Brick-and-mortar bookstores are disappearing from Manhattan, but this is hardly a surprise—the stratospheric cost of rent prohibits all but the most lucrative businesses from maintaining property on the already cramped island. But seeing a list of the deceased, all bunched together as they were in today's Times, couched in lamenting quotes from literary agents and writers, was just an unnecessary twist of the knife. We've already lost the dive bars and the grit—can't we at least keep the bookstores? What did they ever do to us?
It's hard to mourn the loss of faceless, impersonal chains like Barnes & Noble and Borders, the possible exception being the B&N flagship store that closed its 5th Avenue doors in January. Like many of the authors who fill their shelves, today's bookstores have decamped for less expensive territories: Brooklyn, Queens and Jersey City are popular options. A second outpost of SoHo's McNally Jackson, finding the Upper West Side to be too pricey (surprise!), is expected to open in a Williamsburg loft this fall. Things, ultimately, could be worse—but that doesn't mean we can't wallow for a minute with some eloquently phrased whining:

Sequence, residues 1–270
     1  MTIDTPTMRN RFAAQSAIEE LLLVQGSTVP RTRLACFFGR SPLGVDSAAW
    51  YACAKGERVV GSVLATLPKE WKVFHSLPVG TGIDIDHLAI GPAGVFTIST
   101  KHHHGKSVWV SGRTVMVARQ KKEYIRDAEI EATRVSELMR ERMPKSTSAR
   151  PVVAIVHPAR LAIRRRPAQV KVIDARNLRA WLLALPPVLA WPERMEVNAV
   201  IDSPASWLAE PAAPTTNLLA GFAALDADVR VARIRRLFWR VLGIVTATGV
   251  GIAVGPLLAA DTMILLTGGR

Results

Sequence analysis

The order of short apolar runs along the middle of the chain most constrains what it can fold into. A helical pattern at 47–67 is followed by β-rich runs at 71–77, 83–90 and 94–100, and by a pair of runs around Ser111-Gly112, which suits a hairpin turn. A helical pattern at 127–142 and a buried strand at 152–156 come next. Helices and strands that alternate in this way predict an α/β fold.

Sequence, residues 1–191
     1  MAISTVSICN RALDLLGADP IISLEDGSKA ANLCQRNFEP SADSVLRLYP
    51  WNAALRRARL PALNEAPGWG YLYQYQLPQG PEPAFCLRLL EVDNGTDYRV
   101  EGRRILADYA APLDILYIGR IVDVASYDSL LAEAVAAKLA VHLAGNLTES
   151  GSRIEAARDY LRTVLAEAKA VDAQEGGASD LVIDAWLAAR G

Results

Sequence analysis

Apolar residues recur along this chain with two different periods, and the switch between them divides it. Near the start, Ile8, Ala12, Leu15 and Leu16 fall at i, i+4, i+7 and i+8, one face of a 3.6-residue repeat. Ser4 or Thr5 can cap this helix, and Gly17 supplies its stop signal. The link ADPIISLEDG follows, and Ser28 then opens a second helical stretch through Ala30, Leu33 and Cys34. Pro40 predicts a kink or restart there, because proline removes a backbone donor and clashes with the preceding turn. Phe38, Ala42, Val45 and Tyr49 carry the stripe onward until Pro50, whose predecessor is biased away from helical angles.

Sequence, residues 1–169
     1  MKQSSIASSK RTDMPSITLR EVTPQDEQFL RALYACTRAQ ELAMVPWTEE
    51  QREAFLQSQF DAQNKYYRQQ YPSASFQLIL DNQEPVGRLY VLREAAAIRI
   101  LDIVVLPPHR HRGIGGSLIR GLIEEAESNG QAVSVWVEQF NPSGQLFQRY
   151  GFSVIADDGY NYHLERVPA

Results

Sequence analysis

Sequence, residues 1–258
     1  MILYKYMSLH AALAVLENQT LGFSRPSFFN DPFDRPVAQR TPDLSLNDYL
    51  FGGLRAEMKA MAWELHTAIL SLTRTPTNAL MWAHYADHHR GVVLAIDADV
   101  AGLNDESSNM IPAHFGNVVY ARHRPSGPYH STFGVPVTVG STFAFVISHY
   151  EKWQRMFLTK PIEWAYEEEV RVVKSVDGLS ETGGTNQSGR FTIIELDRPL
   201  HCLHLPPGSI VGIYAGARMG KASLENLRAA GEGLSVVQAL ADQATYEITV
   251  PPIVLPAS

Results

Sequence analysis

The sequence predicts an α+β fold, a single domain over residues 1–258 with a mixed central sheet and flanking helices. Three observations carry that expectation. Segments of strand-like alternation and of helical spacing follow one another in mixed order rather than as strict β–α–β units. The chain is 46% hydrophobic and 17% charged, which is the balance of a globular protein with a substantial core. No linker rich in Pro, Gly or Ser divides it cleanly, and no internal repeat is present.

“Sometimes I feel as if I’m working in a field that’s disappearing right under my feet."
-Robert Caro, historian, author of the Power Broker
“How can Manhattan be a cultural or literary center of the world when the number of bookstores has become so insignificant? You really say, has nobody in city government ever considered this and what can be done about it?”
- Caro, again.
“There are some great bookstores, but there aren’t a lot of them. Compared to other cities, New York is no longer a bookstore city.”
- Michael Pietsch, the chief executive of publishing house Hachette
“My worry is that to make these rents, people are going to have to make the bookstore a place where only wealthy people can be. The higher and higher these rents go, do you have to bring in these expensive leather journals and art books that only rich people can buy?”
- Christine Onorati, co-owner of Word bookstore
“You just have to walk down Fifth Avenue to see what New York has become — it’s become an outlet mall for rich people.”
- Esther Newberg, literary agent
"Change and decay in all around I see," mused Uncle Theodore in Evelyn Waugh's Scoop. You can pick that one up for just $13.88 on Amazon.